12Birch et al, European Journal of Applied Physiology, 69:268-270 (1994).
13 *Brewer, MuscleMag International , pp. 64 66, 68, 70, 72 73 (Jun. 1998).
14Brewer, MuscleMag International, pp. 64-66, 68, 70, 72-73 (Jun. 1998).
15 *Brink et al, Muscle & Fitness , pp. 78 80, 214 215 (Jun. 1998).
16Brink et al, Muscle & Fitness, pp. 78-80, 214-215 (Jun. 1998).
17 *Bulbulian, Medical Science of Sports and Exercise , 28(Suppl.):S111 (1996).
18Bulbulian, Medical Science of Sports and Exercise, 28(Suppl.):S111 (1996).
19 *Bummer, IM , pp. 56 60 (1996).
20Bummer, IM, pp. 56-60 (1996).
21 *Burkart et al, International Journal of Immunopharmacology , 16:61 (1994).
22Burkart et al, International Journal of Immunopharmacology, 16:61 (1994).
23 *Colgan, Colgan Chronicles , vol. 1, pp. 1, 3 (1997).
24Colgan, Colgan Chronicles, vol. 1, pp. 1, 3 (1997).
25 *Dawson et al, The Australian Journal of Science and Medicine in Sport , 27(3):56 61 (1995).
26Dawson et al, The Australian Journal of Science and Medicine in Sport, 27(3):56-61 (1995).
27 *Dehaan, MuscleMag International , pp. 88 92 (1998).
28Dehaan, MuscleMag International, pp. 88-92 (1998).
29 *Ditre et al, SDFC Reports , Feb. 19, 1996.
30Ditre et al, SDFC Reports, Feb. 19, 1996.
31 *Editorial, MuscleMag International , p. 36 (Sep. 1998).
32 *Editorial, MuscleMag International , p. 46 (Aug. 1998).
33 *Editorial, MuscleMag International , p. 53 (Dec. 1997).
34 *Editorial, MuscleMag International , p. 53 (Nov. 1997).
35 *Editorial, MuscleMag International , pp. 102 104, 106, 108 (May 1998).
36 *Editorial, MuscleMag International , pp. 128 131 (Jul. 1998).
37 *Editorial, MuscleMag International , pp. 52 53 (Nov. 1997).
38Editorial, MuscleMag International, p. 36 (Sep. 1998).
39Editorial, MuscleMag International, p. 46 (Aug. 1998).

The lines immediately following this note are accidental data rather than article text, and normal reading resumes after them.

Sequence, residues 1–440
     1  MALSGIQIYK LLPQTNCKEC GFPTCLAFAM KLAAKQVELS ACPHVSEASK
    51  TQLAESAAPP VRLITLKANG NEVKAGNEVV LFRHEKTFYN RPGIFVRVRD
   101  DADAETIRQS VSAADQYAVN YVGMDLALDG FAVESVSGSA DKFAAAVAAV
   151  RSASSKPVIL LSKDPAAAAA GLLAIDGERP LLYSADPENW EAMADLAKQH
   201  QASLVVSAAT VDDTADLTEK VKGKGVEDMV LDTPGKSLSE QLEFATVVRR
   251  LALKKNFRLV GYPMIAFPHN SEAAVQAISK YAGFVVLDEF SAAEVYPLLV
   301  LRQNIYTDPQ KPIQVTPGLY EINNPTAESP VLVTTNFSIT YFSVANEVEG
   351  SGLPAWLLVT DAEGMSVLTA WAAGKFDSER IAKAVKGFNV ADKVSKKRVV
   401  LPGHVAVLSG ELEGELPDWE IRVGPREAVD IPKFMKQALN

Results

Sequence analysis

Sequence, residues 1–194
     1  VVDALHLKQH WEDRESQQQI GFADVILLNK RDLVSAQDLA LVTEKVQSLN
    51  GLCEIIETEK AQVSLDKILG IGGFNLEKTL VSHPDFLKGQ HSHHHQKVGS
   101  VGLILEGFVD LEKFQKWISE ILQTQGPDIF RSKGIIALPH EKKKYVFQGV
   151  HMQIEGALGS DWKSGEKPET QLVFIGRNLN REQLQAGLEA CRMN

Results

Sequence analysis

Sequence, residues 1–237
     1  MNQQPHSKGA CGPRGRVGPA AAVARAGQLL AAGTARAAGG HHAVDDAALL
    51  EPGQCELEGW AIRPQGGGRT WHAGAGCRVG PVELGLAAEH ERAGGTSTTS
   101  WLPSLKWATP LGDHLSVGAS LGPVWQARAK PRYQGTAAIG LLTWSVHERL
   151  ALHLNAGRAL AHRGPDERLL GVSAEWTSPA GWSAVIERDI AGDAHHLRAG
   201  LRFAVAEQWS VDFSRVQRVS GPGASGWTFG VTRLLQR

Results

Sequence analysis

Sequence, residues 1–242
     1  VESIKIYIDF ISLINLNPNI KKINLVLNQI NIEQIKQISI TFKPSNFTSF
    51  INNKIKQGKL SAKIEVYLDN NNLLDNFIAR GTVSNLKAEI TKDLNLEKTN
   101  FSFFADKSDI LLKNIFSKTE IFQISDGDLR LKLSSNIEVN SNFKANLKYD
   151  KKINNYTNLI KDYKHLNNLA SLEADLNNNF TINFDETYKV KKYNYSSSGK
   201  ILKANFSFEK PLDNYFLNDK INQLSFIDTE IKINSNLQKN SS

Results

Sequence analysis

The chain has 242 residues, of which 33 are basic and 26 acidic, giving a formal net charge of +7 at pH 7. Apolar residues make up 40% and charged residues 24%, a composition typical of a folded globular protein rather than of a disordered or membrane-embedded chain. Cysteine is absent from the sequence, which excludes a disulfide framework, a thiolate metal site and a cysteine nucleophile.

40Editorial, MuscleMag International, p. 53 (Dec. 1997).
41Editorial, MuscleMag International, p. 53 (Nov. 1997).
42Editorial, MuscleMag International, pp. 102-104, 106, 108 (May 1998).
43Editorial, MuscleMag International, pp. 128-131 (Jul. 1998).
44Editorial, MuscleMag International, pp. 52-53 (Nov. 1997).
45 *Editorials, MuscleMag International , p. 41 (Jun. 1998).
46 *Editorials, MuscleMag International , p. 48 (Apr. 1998).
47 *Editorials, MuscleMag International , p. 48 (Jan. 1998).
48 *Editorials, MuscleMag International , p. 52 (Dec. 1997).
49 *Editorials, MuscleMag International , pp. 34 (Mar. 1998).
50 *Editorials, MuscleMag International , pp. 35 36 (May 1998).
51 *Editorials, MuscleMag International , pp. 37 38 (Jul. 1998).
52 *Editorials, MuscleMag International , pp. 39 40 (Feb. 1998).
53Editorials, MuscleMag International, p. 41 (Jun. 1998).
54Editorials, MuscleMag International, p. 48 (Apr. 1998).
55Editorials, MuscleMag International, p. 48 (Jan. 1998).
56Editorials, MuscleMag International, p. 52 (Dec. 1997).
57Editorials, MuscleMag International, pp. 34 (Mar. 1998).
58Editorials, MuscleMag International, pp. 35-36 (May 1998).
59Editorials, MuscleMag International, pp. 37-38 (Jul. 1998).
60Editorials, MuscleMag International, pp. 39-40 (Feb. 1998).
61 *Estrada et al, Diabetes , 45(12):1798 1804 (1996).
62Estrada et al, Diabetes, 45(12):1798-1804 (1996).
63 *Faust et al, International Journal of Immunopharmacology , 16(1):61 66 (1994).
64Faust et al, International Journal of Immunopharmacology, 16(1):61-66 (1994).
65 *Ferro, Creatine & Athletic Performance , http://www.seriousfun.net/weightlifting/creatine.htm (1998).
66Ferro, Creatine & Athletic Performance, http://www.seriousfun.net/weightlifting/creatine.htm (1998).
67 *Green et al, American Journal of Physiology , 271 (5 pt 1):E821 E826 (1996).
68Green et al, American Journal of Physiology, 271 (5 pt 1):E821-E826 (1996).
69 *Greenhaff, Muscle Media 2000 , pp. 98 102 (undated).
70Greenhaff, Muscle Media 2000, pp. 98-102 (undated).
71 *Harris et al, Journal of Physiology , 467:74P (1993).
72Harris et al, Journal of Physiology, 467:74P (1993).
73 *Jacob et al, Arzneimittelforschung , 45(8):872 4 (1995).
74Jacob et al, Arzneimittelforschung, 45(8):872-4 (1995).
75 *Jacob et al, Diabetes , 45(8):1024 1029 (1996).
76Jacob et al, Diabetes, 45(8):1024-1029 (1996).
77 *Jequier, American Journal of Clinical Nutrition , 1998:67(Suppl):527S 530S (1998).
78Jequier, American Journal of Clinical Nutrition, 1998:67(Suppl):527S-530S (1998).
79 *Kaats et al, Current Therapeutic Research , 57(10):747 756 (1996).